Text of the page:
When it comes to clipping your pet’s nails, it can sometimes be an uphill struggle, so why not leave the hard work to our team at Casey and Cranbourne Veterinary Hospital?

We offer a reliable nail clipping service at our practice and can eliminate the stress of trying to do it at home. For those pets requiring a general anaesthetic for nail clipping, this requires the same fasting protocol as for other surgical procedures and as such, is booked in as a surgical case for the day. Nail clipping can also be done, at no extra cost if your pet is in for another surgical procedure, Please enquire at the hospital for more details regarding our nail clipping service.

While some dogs naturally wear their nails down by walking on hard surfaces and never need them clipped, others will require regular clipping, as nails grow quickly. If your pet isn’t exercised on firm pavements or is kept inside a lot, they may need nail clipping every couple of months.

At Casey and Cranbourne Veterinary Hospital, we recommend that you inspect your pet’s nails and feet regularly to check for nail growth as well as any mud, foreign objects or matted fur. These can become stuck between the pads and if your dog is long-haired or simply has particularly hairy feet, then it’s important to check these often.

Helpful hints for nail clipping

  • Dog nails will need to be clipped to a length where they just touch the ground when the dog is standing. Special nail clippers for dogs should be used for this and can be purchased at our clinic
  • Care should be taken not to cut into the ‘quick’ – the area of tissue containing nerves and blood vessels in the dog’s claw. This is the visibly pink area within white nails and will vary in length according to each dog. If cut, this will be extremely painful to the dog and will result in bleeding that can be difficult to stop. As it’s difficult to see the quick in black nails, it’s best to let a professional do any clipping in this case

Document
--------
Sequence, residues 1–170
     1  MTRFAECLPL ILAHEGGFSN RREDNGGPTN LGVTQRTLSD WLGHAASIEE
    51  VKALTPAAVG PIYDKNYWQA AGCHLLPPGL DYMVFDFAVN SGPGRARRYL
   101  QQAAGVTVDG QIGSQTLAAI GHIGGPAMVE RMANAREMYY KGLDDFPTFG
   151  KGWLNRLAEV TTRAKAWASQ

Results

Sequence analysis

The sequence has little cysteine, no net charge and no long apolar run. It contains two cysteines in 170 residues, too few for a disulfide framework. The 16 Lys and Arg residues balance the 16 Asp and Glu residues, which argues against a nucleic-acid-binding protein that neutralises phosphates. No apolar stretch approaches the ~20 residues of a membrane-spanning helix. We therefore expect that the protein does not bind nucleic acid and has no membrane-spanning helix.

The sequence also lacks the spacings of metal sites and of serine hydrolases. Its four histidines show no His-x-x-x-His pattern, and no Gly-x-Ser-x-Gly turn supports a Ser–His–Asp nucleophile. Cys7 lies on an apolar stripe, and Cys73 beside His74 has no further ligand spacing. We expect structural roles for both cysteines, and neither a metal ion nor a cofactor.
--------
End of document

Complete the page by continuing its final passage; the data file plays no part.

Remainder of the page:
• Dewclaws, which are located on the inside of the dog’s lower leg just above the foot, should also be checked for clipping, as they don’t touch the ground and may, therefore, grow very long. They could curl back and penetrate the pad

NB If your dog’s nails bleed during clipping, you should immediately apply pressure with a cotton ball, which should cause the blood to clot in a few minutes. If bleeding persists, a styptic pencil can be used, or a softened cake of soap pressured onto the cut end will usually seal it. 

At Casey and Cranbourne Veterinary Hospital, we can also clip cats’ nails, which can grow very long and sharp. Clipping won’t prevent them from climbing, and we have special cat clippers at the clinic that we can use. The same precautions should be taken for clipping both dog and cat nails.

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